Session Type: Poster Session (Monday)
Session Time: 9:00AM-11:00AM
Background/Purpose: Gout is the most common inflammatory arthritis in the United States and worldwide. Precipitation of monosodium urate crystals in joints and soft tissues leads to inflammation and the clinical signs and symptoms of gout. Identification of urate crystals on synovial fluid analysis remains the gold standard for diagnosis. However, arthrocentesis is not always a viable option, particularly if the patient presents without active inflammation or effusion on exam. Dual energy computed tomography (DECT) is another tool for noninvasive diagnosis of gout and can be utilized in the acute or chronic stages. The 2015 American College of Rheumatology (ACR) and the European League Against Rheumatism (EULAR) classification criteria for gout recognize a role for DECT in diagnosis. In our retrospective study, we analyzed how DECT is utilized in a cohort of patients at Mayo Clinic in Jacksonville, Florida. We sought to determine better clinical parameters for ordering DECT in our rheumatology department.
Methods: Our retrospective study was approved by the institutional review board. Informed consent was waived due to the retrospective nature of the study. DECT scans performed from January 2010 to April 2018 were identified using radiology software by a board certified, fellowship trained radiologist with expertise in musculoskeletal imaging. Lower extremity, upper extremity, and spine DECT were included.
Results: 228 DECT were ordered over the observation period. Rheumatology accounted for the highest percentage (60%) of tests ordered, followed by primary care physicians (18%). 211 studies were requested to aid in the initial diagnosis of the patient’s concern with 129 ordered by rheumatology. Whereas the number of scans ordered by other departments changed little over the eight year observation period, DECT studies, ordered by rheumatology, decreased from 2015 onward. DECT was positive for urate 53% of the time (68 of 129) when ordered for initial diagnosis by rheumatology. Arthrocentesis was attempted on 15 patients to establish a diagnosis of gout. No synovial fluid was obtained from 10 of 15 patients. 80% of these patients had DECT performed which positively identified urate crystals. The other 5 patients, who underwent arthrocentesis, had synovial fluid examined by microscopy with 4 of 5 identifying no crystals. One patient with negative fluid analysis underwent repeat arthrocentesis showing positively birefringent rhomboid crystals. One patient with no crystals on microscopy had a positive DECT scan. Ultrasound (US) was performed on 6 patients in the clinic by the rheumatologist prior to DECT imaging. Double contour sign was identified on each patient. DECT confirmed the diagnosis of gout in these six patients.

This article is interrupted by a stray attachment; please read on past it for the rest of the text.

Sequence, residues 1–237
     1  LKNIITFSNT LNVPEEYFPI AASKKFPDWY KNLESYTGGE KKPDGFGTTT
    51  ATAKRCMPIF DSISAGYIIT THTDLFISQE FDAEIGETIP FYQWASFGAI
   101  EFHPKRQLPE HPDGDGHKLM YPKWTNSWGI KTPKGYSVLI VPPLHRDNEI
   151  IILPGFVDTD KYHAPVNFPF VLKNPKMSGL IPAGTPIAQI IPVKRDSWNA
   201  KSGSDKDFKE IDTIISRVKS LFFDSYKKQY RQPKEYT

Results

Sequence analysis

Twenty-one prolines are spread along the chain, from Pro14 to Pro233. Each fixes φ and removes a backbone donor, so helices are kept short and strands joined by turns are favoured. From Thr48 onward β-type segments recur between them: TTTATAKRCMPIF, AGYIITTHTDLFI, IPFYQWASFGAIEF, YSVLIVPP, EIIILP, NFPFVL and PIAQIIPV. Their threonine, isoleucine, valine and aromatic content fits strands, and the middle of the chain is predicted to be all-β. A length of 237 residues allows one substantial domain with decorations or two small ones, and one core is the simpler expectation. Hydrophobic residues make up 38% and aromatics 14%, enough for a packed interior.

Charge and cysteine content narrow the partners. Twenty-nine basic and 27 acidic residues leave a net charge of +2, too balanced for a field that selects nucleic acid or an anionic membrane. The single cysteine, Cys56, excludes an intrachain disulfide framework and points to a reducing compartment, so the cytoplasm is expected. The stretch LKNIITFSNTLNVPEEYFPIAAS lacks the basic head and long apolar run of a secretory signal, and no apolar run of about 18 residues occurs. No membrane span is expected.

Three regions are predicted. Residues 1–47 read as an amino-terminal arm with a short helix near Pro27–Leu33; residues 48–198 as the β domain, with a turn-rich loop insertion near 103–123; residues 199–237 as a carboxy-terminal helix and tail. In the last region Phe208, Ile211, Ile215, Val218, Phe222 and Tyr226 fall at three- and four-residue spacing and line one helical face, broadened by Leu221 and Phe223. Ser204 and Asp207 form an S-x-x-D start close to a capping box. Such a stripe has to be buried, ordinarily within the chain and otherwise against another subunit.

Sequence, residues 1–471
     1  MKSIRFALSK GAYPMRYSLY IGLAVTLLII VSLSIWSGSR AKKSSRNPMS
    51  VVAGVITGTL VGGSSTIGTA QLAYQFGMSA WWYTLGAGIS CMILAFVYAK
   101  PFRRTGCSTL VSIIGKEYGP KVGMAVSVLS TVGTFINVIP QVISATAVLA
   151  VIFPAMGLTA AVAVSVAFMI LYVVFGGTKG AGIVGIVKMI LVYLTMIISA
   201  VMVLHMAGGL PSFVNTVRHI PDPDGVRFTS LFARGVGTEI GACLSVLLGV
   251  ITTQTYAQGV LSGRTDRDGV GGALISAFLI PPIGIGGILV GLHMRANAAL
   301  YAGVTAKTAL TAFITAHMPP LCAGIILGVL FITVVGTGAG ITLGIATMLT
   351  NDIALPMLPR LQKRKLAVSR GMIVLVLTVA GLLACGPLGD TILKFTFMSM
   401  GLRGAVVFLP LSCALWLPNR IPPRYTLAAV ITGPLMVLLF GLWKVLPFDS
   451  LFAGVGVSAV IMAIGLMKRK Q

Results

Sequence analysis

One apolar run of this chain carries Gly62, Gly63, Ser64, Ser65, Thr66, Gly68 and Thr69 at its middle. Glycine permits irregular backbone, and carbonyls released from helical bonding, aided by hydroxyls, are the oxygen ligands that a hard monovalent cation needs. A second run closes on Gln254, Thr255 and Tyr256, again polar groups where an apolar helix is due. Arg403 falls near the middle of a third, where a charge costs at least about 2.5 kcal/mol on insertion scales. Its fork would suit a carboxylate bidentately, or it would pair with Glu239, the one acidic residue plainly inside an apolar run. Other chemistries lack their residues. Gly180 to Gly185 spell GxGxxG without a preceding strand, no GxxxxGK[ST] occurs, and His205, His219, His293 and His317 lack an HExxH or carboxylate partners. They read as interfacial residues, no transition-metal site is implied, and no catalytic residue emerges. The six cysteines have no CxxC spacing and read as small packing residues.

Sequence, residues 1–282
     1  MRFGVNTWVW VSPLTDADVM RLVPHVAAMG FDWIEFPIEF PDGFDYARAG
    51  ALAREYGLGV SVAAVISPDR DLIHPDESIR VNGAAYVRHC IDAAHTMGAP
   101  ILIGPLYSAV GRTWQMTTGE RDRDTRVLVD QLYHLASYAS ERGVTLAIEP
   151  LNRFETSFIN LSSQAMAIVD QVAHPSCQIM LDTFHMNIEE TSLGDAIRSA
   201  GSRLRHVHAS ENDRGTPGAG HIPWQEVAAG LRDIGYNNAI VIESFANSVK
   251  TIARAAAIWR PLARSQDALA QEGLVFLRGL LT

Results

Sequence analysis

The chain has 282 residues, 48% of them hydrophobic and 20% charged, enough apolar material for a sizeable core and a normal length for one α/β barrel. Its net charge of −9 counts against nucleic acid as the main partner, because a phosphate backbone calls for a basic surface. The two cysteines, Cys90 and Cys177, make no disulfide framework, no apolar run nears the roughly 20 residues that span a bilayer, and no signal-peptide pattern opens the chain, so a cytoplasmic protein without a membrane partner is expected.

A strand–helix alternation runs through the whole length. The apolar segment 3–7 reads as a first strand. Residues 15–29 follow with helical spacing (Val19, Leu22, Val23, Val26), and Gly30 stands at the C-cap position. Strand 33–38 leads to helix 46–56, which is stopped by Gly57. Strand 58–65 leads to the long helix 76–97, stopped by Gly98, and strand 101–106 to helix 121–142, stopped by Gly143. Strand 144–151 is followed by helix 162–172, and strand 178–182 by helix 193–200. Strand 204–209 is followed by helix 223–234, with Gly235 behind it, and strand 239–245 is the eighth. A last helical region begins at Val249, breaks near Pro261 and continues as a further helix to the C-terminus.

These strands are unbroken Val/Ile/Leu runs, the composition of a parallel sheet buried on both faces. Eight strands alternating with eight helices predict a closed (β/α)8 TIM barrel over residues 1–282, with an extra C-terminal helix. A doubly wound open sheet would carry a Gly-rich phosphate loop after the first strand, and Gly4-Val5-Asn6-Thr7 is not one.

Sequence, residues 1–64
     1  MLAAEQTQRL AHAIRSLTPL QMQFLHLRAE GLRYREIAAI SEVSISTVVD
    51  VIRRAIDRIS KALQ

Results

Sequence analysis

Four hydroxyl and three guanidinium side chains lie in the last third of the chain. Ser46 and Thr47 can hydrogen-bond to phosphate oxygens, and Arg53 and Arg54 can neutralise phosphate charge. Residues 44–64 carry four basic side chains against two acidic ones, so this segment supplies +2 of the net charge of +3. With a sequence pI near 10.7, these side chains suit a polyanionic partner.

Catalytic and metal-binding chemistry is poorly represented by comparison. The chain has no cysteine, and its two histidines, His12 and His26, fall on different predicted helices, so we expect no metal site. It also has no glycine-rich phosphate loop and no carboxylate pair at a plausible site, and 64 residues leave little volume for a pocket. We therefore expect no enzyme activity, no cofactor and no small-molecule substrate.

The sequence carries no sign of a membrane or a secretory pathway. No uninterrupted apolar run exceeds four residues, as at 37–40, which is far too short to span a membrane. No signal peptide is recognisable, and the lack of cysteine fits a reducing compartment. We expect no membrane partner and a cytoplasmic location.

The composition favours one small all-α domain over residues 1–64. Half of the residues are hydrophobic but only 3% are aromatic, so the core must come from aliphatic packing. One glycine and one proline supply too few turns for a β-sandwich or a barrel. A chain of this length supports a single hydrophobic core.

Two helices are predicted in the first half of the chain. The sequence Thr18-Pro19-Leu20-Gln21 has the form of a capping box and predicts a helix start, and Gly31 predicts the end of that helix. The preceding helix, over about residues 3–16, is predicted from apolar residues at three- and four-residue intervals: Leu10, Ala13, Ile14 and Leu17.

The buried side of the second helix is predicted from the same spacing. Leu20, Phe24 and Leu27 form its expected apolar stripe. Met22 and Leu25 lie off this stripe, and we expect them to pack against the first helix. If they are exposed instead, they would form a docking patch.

Conclusion: The utilization of DECT in gout diagnosis is likely to continue to increase given that it is noninvasive, an accepted criterion in the ACR/EULAR 2015 guidelines, and more readily available. Our study highlights that DECT can be a useful tool in gout diagnosis when there is diagnostic uncertainty, no active inflammation or effusion on exam, and arthrocentesis cannot be obtained. Though the cohort was small, US can be a viable option as a noninvasive tool in gout diagnosis.
To cite this abstract in AMA style:Gilbert E, Garner H, Abril A. Clinical Utility of DECT in the Diagnosis of Gout at Mayo Clinic in Florida [abstract]. Arthritis Rheumatol. 2019; 71 (suppl 10). https://acrabstracts.org/abstract/clinical-utility-of-dect-in-the-diagnosis-of-gout-at-mayo-clinic-in-florida/. Accessed .
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ACR Meeting Abstracts - https://acrabstracts.org/abstract/clinical-utility-of-dect-in-the-diagnosis-of-gout-at-mayo-clinic-in-florida/